Volz: That’s a good question. It’s difficult to quantify. I tend to quantify the value more in terms of benefits to our users’ experiences, our internal experiences, and the time saved by authors and contributors. I can’t put up an exact number for the amount of hours I saved as a result of implementing MindTouch, but it’s certainly it’s significant. And the benefit to our customers is quite significant as well. I think largely, it’s because the turnaround time to get content from writing, to delivery, to users is so fast now. When I first started [before MindTouch], it could have been weeks before a change to technical content might be delivered to users. Now it’s a matter of minutes in some cases. So, like I said, it’s hard to quantify, but I think that the sort of intangible benefits are immeasurable at this point.

MindTouch: Did you have an “Aha” moment when you first started using MindTouch? And can you share the story with us?

Volz: Yeah, there were quite a few. First of all, just the way the content is organized, structured, and presented, the extent to which I was able to customize the UI and the stylesheets was unlike anything I had worked with previously with respect to technical documentation. The fact that I could look at the styles of the presentation, change anything I wanted, move things around on the screen like search fields and relocate certain navigation pieces – that sort of thing. My eyes really opened at that point to the possibilities.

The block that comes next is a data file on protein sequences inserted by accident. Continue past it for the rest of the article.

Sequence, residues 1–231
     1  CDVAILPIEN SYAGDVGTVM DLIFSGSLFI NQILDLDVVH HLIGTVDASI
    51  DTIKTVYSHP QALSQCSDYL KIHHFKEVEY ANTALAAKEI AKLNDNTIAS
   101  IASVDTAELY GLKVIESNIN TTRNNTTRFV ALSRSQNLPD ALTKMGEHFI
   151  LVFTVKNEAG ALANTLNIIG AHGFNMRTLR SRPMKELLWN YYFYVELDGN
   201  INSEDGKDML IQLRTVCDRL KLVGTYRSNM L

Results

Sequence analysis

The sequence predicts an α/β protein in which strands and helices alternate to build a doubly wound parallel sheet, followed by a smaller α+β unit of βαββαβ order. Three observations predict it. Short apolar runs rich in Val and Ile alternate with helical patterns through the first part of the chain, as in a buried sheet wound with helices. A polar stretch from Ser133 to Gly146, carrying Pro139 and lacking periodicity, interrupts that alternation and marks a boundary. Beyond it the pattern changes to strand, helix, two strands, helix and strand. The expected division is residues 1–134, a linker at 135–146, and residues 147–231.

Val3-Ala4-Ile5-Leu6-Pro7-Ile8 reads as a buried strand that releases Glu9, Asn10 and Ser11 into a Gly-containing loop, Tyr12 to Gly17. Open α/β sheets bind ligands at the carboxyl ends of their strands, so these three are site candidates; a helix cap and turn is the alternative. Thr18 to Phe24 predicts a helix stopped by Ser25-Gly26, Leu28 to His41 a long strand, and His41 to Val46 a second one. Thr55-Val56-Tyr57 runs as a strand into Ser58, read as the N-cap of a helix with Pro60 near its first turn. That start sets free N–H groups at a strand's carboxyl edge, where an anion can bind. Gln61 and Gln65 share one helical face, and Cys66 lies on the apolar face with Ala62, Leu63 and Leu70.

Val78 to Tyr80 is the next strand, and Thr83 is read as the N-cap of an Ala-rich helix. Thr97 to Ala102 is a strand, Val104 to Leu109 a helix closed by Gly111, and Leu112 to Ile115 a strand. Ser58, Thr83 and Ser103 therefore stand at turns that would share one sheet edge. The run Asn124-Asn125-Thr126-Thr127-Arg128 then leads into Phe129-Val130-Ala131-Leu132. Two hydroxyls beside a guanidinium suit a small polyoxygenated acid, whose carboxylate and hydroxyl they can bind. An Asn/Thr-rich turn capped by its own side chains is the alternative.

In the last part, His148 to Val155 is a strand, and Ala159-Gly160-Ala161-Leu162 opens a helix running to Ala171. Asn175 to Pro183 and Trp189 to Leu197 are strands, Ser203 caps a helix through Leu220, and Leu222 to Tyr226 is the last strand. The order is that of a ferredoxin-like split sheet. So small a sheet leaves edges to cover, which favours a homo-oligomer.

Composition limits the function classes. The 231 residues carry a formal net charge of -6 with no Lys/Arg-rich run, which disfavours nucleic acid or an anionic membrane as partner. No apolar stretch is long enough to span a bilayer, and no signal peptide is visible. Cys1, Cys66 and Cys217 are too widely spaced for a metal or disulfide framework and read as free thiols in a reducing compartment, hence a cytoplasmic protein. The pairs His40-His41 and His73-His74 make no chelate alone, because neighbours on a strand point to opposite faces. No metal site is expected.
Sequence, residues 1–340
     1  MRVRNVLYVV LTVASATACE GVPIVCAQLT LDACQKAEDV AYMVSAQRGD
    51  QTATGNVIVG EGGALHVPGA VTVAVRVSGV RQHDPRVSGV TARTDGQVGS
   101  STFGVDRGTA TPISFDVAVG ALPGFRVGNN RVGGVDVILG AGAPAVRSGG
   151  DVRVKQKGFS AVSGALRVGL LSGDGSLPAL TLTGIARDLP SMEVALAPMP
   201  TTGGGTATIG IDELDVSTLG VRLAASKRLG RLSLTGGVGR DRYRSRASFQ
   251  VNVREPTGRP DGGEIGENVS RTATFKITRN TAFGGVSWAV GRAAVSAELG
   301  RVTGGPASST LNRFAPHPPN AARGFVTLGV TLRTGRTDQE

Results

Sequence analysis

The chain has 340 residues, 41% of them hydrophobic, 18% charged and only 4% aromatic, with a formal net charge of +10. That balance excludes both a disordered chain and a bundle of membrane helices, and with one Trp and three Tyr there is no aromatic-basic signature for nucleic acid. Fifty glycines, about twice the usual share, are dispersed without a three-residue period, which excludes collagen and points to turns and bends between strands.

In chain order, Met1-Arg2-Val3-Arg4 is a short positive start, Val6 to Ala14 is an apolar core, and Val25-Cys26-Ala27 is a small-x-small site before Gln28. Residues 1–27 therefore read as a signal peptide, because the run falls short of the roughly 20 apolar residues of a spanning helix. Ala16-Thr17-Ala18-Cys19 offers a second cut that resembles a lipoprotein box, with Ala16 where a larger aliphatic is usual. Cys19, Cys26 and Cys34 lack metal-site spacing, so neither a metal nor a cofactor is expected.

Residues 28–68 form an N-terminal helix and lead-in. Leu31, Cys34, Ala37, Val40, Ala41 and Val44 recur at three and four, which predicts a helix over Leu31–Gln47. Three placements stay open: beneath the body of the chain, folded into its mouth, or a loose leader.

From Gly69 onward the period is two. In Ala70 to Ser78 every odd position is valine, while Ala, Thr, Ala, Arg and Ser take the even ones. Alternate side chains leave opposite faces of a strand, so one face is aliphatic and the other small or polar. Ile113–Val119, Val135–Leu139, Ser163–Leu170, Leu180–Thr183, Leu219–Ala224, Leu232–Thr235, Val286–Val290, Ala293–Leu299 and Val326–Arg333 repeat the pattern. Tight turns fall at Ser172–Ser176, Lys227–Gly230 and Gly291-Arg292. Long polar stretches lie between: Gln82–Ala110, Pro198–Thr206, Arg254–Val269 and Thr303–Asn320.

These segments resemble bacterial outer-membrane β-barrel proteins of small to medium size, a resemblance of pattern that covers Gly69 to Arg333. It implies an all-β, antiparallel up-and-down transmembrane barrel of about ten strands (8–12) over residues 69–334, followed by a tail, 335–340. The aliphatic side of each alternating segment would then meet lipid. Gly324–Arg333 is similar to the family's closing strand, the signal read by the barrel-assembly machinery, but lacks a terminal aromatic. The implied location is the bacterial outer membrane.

MindTouch: Let’s talk about your presentation at LavaCon. Can you give us a sneak peek on what you plan on presenting?

Volz: Yes, of course. One of the important messages for me, based on my experiences and the biases that I had coming into this project, was learning that really robust enterprise-scale content management and publishing isn’t limited to massive multinational companies that are looking to spend a whole lot of money on huge on-premise systems. I didn’t think that something like what we accomplished with MindTouch was feasible. I expected that we would probably need to continue working with desktop tools and wouldn’t have a real content management system. I figured that we would have an approximation of what we needed and would improvise using file systems and versioning. The fact that we were able to achieve something like this and have an effective content management thanks to MindTouch is a really powerful thing. So the presentation will be all about that and I will talk a bit about what I looked for and what I started looking at. I don’t want to discourage anybody who is focusing on more traditional tools or looking at heavier weight, on-premise content tools using XML and DITA. This isn’t a sales pitch for MindTouch. It is just a very strong message – that if those traditional tools don’t meet your needs, there are other options. I just really want to convey that and what I learned. I’ll talk through what it took to build the thing, working from the ground up very closely with MindTouch, and do a little demo.